Ahead of Big Ten Championships, Maryland wrestling values its rest and recovery
Kyle Cochran approaches Neil Schuster in the 165-pound bout during Maryland wrestling's 18-16 loss to George Mason on Feb. 21, 2020. (Julia Nikhinson/The Diamondback)
Maryland wrestling was within striking distance of Rider in its final regular-season dual. The Terps, who had just received the benefit of a forfeit in the 197-pound weight class, were down 18-16 with one bout to go.
That meant the result would come down to heavyweight Parker Robinson, who hadn’t recorded a dual win the entire season. He had experienced much the same against Indiana earlier in the season, too.
Like against the Hoosiers, the redshirt freshman was outmatched, losing a 12-4 major decision to Ryan Cloud as the Terps lost, 22-16, to the Broncs.
While Maryland’s regular season ended there, the 2019-20 campaign wasn’t quite over, as the Terps had two weeks to get ready for the Big Ten Championships this weekend at Rutgers. They’ve used that time off to rest and prepare for a potential run.
“It’s been good. Work’s been pretty good,” coach Alex Clemsen said. “We’re healthy as we can be at this point in the season, knock on wood. We focused a lot on getting some good volume, some good intensity in.”
As has been the case every week this season, the focus and the practicing is the same, though Clemsen talked about shorter, more intense practices in the final days leading up to leaving for Piscataway.
Maryland, not one of the favorites going into the championships, has the ability to land some surprise upsets. But right now, it’s all business in College Park.
“Nothing’s really changed,” 165-pounder Kyle Cochran said. “I’ve always said we’re focusing on positions, times that we’ve lost matches. We’re still in the room trying to figure out those positions.”
Cochran is one of three Terps seeded 10th or higher going into the weekend — he and Jahi Jones are both seeded 10th in their respective weight classes. Jaron Smith received the highest position on the team as the No. 9-seed at 197.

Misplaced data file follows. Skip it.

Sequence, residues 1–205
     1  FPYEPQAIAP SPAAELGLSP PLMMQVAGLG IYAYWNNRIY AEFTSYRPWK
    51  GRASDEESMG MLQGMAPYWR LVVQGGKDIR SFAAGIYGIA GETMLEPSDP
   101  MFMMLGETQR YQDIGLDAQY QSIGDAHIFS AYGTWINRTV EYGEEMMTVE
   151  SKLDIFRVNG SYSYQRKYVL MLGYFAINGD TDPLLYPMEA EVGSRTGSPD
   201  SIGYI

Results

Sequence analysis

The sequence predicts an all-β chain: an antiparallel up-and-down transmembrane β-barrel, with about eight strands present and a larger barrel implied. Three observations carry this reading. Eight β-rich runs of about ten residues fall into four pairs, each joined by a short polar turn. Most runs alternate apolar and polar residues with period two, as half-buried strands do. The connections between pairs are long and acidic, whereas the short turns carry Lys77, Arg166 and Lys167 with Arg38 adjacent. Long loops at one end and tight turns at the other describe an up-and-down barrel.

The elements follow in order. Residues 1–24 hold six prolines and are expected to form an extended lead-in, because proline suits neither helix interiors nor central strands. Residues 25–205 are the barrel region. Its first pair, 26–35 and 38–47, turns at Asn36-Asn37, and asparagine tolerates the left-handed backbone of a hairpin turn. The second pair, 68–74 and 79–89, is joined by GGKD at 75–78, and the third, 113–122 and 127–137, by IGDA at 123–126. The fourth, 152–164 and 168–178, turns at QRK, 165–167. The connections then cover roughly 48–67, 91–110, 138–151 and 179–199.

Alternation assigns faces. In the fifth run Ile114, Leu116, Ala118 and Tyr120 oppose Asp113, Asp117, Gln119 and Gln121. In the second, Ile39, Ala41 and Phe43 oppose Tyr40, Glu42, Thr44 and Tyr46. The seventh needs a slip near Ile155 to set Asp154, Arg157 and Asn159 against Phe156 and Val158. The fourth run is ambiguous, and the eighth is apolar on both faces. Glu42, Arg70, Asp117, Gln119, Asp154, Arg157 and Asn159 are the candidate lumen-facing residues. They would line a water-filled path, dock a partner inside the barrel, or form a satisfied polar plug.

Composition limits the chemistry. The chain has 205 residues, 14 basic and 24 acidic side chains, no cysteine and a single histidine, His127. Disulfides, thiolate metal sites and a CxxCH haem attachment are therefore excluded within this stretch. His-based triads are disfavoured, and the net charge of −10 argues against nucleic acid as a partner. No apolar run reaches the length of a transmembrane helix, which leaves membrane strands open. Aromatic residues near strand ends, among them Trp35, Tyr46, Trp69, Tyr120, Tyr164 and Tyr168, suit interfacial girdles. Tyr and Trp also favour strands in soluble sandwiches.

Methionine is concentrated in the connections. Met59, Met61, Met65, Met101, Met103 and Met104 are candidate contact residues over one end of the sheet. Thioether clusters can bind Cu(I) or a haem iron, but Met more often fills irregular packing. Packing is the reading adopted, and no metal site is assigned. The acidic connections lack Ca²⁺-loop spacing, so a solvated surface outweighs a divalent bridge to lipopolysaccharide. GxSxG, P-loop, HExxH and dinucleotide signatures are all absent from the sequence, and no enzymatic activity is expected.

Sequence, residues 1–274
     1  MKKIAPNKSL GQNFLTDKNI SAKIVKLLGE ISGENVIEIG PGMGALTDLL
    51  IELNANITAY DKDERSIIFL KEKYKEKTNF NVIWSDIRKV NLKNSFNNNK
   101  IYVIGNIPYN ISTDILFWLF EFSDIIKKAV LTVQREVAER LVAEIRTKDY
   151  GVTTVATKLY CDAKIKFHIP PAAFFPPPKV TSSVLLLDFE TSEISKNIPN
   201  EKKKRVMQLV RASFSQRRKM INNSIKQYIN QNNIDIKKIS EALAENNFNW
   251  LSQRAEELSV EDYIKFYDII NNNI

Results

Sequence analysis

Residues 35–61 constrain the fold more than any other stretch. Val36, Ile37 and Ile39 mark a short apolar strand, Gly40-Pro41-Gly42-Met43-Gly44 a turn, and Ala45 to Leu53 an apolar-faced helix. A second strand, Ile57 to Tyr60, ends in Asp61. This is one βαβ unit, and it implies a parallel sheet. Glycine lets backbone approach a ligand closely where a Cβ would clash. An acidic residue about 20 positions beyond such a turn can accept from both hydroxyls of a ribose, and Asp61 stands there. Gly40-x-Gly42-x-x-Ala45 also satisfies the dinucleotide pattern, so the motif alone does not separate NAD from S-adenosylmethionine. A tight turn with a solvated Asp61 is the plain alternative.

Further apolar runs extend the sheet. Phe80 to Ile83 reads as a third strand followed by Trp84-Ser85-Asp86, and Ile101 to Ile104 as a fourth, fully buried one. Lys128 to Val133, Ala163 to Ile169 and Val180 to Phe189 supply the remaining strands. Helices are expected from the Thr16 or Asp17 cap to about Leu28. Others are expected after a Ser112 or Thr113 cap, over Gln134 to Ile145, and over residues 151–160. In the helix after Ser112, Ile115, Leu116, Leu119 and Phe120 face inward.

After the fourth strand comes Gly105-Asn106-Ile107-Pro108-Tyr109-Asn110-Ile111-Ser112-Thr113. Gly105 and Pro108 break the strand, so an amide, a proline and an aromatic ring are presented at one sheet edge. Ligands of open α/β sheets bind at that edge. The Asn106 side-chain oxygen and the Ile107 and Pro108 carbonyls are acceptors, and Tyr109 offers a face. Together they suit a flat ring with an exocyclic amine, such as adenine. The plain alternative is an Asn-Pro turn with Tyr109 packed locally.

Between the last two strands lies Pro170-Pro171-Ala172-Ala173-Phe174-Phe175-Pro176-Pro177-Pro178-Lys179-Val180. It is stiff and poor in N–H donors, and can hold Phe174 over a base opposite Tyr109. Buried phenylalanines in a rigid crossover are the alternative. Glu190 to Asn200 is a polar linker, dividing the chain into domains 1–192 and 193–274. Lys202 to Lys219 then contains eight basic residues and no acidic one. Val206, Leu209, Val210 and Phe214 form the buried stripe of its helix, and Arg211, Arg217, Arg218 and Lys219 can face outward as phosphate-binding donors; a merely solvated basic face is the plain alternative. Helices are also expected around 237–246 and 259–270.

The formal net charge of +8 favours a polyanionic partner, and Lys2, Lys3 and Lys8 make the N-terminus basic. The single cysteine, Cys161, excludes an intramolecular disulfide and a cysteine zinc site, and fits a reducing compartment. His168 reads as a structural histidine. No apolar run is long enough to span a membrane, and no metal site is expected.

This is also Cochran’s first experience wrestling at the Big Tens, having not done so the past two years. It’s been a renaissance season for the redshirt sophomore, who excelled on the mat, going on a stretch where he won six of his eight bouts in the middle of the season.
While it’s good to recognize the progress he made over the course of the season, getting caught up in it could be a big detractor once Saturday comes around. So Cochran has maintained the same focus throughout the last two weeks.
“I’m just gonna let it fly,” Cochran said. “I’m not gonna have any nerves. I really got nothing to lose. No one really expects me to exceed any limitations or surprise anybody. I’m just gonna have fun and wrestle hard.”
The Terps have dealt with their fair share of disappointment this season, falling just short in several matches and ending the season on a 13-dual losing streak.
However, with this weekend possibly being the last of the season for the team, morale is as high as ever. And Clemsen feels like they could make something out of what most around the conference would consider nothing.
“I know our kids are continuing to buy in and believe and have faith in our process, have faith in the people and have faith in the program,” Clemsen said. “They’re willing to sacrifice. They don’t have a problem being held accountable and we just need them to continue to persevere.”